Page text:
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On 29th May 1919, British astronomers tested Einstein’s theory of relativity by measuring the path of the stars travelling near the sun during an eclipse. On 7th November 1919, the results of that experiment were announced in London, proving Einstein’s theory of relativity. A Theory of Everything (that Matters) has been written in celebration of this 100th anniversary.

With the confirmation of Einstein’s theories at the beginning of the twentieth century, our understanding of the universe became much more complex. What does this mean for religious belief, and specifically Christianity? Does it mean, as so many people assume, the death of God? In A Theory of Everything (that Matters) Alister McGrath – Professor of Science and Religion at Oxford University – explores these questions, giving an overview of Einstein’s thought and scientific theories, including his nuanced thinking on the difference between the scientific enterprise and beliefs outside its realm.

This groundbreaking book is for anyone intrigued by Einstein as one of the twentieth century’s most iconic figures, who wants to know what his theories mean for religion, and who is interested in the conversation between science and religions more broadly.

‘An excellent study of Einstein’s theories in relation to his beliefs about God’ – starred review in PUBLISHERS WEEKLY

Reviews

Albert Einstein was, without doubt, the most iconic scientist of the last century. In this lucid little book, Alister McGrath provides an accessible introduction to Einstein's great scientific discoveries, as well as a careful analysis of his views on the relationship between science and religion. Einstein was a nuanced thinker on the big questions of life, and who better than McGrath to guide us on an exploration of this aspect of Einstein's legacy. I recommend this book to anyone who wants a fuller picture of Albert Einstein's life and thought.
Ard Louis, Professor of Theoretical Physics, University of Oxford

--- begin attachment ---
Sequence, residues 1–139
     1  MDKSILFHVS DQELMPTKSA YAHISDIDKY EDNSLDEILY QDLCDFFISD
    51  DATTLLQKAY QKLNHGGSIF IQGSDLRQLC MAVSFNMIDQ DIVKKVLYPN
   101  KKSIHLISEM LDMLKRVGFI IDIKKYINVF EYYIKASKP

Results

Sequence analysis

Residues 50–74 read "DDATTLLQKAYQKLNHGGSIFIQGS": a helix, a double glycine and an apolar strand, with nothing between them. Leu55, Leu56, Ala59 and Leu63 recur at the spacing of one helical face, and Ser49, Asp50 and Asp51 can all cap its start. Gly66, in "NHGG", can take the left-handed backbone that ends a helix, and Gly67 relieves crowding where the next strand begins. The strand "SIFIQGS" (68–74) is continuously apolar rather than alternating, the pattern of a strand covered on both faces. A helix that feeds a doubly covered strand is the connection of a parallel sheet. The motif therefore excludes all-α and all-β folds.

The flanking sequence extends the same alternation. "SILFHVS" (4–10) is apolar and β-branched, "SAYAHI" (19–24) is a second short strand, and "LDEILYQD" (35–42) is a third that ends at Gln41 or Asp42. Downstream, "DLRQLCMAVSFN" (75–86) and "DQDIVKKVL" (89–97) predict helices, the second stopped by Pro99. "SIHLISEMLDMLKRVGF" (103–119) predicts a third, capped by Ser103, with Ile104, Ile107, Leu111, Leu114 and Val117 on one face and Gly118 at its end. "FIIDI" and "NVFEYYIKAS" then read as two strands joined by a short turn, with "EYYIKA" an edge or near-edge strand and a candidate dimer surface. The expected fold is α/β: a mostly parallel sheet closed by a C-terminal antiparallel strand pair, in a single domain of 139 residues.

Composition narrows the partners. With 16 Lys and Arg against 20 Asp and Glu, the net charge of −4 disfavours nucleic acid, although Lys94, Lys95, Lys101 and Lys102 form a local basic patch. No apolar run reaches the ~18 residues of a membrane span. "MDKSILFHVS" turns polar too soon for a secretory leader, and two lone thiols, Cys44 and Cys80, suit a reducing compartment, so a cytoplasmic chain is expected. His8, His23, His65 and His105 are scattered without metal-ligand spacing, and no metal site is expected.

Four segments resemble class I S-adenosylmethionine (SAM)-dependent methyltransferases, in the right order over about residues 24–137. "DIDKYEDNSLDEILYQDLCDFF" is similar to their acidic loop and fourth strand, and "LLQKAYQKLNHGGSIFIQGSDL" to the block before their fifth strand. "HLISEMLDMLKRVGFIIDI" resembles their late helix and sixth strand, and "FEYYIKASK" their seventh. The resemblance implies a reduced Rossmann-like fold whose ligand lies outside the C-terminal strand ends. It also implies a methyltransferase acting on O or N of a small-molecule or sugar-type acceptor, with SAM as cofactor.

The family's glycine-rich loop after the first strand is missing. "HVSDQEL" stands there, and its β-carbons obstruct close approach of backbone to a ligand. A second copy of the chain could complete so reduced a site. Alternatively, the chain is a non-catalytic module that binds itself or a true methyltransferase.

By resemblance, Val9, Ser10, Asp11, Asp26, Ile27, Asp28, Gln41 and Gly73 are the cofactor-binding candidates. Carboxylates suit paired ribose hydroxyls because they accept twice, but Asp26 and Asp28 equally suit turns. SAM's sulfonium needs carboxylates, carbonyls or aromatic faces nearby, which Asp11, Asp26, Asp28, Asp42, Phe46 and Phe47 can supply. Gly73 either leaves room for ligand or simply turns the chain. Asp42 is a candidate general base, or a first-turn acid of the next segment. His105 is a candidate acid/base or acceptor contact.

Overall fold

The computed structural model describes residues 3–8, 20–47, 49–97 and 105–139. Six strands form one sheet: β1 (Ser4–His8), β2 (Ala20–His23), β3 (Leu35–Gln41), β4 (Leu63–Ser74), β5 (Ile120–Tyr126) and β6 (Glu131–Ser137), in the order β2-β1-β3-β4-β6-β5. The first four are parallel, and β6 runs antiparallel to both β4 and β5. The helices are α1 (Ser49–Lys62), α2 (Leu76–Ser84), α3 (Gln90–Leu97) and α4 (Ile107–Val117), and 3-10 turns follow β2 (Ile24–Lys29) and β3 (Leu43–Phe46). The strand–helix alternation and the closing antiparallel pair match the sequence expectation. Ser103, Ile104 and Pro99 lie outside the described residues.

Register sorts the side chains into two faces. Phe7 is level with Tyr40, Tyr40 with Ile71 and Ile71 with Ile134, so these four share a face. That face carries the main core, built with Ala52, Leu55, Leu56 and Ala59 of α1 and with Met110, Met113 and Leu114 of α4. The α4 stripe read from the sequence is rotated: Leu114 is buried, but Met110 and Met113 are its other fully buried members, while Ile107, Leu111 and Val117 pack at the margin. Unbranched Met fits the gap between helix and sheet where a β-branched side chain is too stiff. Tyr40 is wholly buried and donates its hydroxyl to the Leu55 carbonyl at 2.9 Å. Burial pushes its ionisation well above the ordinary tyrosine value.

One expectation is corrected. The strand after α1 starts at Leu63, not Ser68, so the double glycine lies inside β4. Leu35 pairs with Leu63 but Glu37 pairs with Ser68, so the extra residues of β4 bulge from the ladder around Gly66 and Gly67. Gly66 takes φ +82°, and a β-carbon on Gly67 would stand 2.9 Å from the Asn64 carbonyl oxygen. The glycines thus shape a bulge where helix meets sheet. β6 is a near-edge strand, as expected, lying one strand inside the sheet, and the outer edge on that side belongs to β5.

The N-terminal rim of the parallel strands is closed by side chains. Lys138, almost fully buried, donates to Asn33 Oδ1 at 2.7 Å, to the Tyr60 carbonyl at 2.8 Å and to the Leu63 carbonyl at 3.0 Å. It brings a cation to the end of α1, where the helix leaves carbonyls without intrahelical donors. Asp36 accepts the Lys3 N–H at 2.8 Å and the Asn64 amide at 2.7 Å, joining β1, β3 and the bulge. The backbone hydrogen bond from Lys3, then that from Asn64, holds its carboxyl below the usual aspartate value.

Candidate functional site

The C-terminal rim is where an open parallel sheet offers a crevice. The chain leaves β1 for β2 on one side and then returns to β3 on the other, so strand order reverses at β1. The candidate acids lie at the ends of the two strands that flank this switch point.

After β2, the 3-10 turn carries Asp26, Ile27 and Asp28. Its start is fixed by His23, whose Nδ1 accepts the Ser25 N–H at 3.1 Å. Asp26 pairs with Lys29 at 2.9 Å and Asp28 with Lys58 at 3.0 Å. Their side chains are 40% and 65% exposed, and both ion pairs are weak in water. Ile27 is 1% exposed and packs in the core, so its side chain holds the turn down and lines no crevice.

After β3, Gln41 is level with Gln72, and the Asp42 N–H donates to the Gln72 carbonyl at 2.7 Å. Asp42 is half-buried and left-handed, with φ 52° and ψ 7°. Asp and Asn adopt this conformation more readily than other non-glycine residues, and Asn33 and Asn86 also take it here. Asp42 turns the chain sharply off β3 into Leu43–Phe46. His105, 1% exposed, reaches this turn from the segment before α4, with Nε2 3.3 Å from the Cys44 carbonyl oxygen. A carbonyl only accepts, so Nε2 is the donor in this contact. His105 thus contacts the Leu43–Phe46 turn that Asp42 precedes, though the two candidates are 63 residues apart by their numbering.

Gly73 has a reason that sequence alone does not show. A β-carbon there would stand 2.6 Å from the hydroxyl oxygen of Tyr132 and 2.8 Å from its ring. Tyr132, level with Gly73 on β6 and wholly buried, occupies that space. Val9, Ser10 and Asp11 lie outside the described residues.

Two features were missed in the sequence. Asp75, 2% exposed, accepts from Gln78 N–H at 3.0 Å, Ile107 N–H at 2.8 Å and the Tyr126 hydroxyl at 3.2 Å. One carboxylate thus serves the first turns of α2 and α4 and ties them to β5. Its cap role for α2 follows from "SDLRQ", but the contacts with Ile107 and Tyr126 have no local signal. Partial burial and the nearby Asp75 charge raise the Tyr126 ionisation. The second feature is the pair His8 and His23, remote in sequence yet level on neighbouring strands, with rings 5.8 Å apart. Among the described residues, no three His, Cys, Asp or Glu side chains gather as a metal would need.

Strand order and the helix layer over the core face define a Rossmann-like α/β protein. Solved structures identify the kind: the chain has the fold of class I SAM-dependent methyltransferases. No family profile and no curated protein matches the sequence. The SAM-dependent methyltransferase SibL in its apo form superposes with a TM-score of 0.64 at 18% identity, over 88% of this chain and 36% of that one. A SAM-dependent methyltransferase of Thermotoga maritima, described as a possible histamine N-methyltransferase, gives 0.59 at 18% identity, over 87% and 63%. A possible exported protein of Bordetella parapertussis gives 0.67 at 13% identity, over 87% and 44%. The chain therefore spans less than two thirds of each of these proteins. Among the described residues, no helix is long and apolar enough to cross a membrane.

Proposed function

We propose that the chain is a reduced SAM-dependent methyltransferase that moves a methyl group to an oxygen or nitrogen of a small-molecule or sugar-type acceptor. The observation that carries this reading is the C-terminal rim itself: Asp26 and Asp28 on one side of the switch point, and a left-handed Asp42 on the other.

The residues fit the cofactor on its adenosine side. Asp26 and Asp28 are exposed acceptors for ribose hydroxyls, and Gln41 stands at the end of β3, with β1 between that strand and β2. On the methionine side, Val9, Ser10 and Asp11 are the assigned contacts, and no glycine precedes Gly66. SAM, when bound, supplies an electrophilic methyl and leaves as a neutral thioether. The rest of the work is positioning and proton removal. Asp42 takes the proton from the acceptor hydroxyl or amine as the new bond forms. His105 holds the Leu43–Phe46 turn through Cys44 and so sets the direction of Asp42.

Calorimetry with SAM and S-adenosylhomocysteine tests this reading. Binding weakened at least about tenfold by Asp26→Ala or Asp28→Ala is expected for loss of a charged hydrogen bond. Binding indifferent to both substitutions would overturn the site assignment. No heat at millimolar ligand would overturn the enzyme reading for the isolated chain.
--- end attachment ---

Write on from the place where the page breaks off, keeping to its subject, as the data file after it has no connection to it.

McGrath, professor of science and religion at Oxford University, provides an excellent study of Einstein's theories in relation to his beliefs about God. McGrath explains the scientific achievements of Isaac Newton that dominated the world of physics while Einstein was working as an assistant in a Swiss patent shop in 1905. That year, Einstein published an article that would "overthrow" Newtonian ideas, in which he proposed that light was composed of particles and that each particle's energy could be measured by the frequency of its electromagnetic radiation. McGrath then lays out Einstein's subsequent work, article-by-article, establishing his theory of special relativity. Though Einstein revolutionized physics, he failed in his quest to discover a "grand theory of everything," a problem he wrestled with until his death. While Einstein did not believe in a personal God, McGrath writes, he was driven by a "cosmic religious feeling" that became his "strongest and noblest motive for scientific research." McGrath, a Christian, encourages other Christians to consider Einstein's teachings as a mechanism for thinking about their own ideas regarding the relationship between science, religion, and the "meaning of everything." This analysis of Einstein's ideas will appeal to any Christian reader looking to contemplate connections between God and the unresolved mysteries of scientific discovery.
Starred Review, Publishers Weekly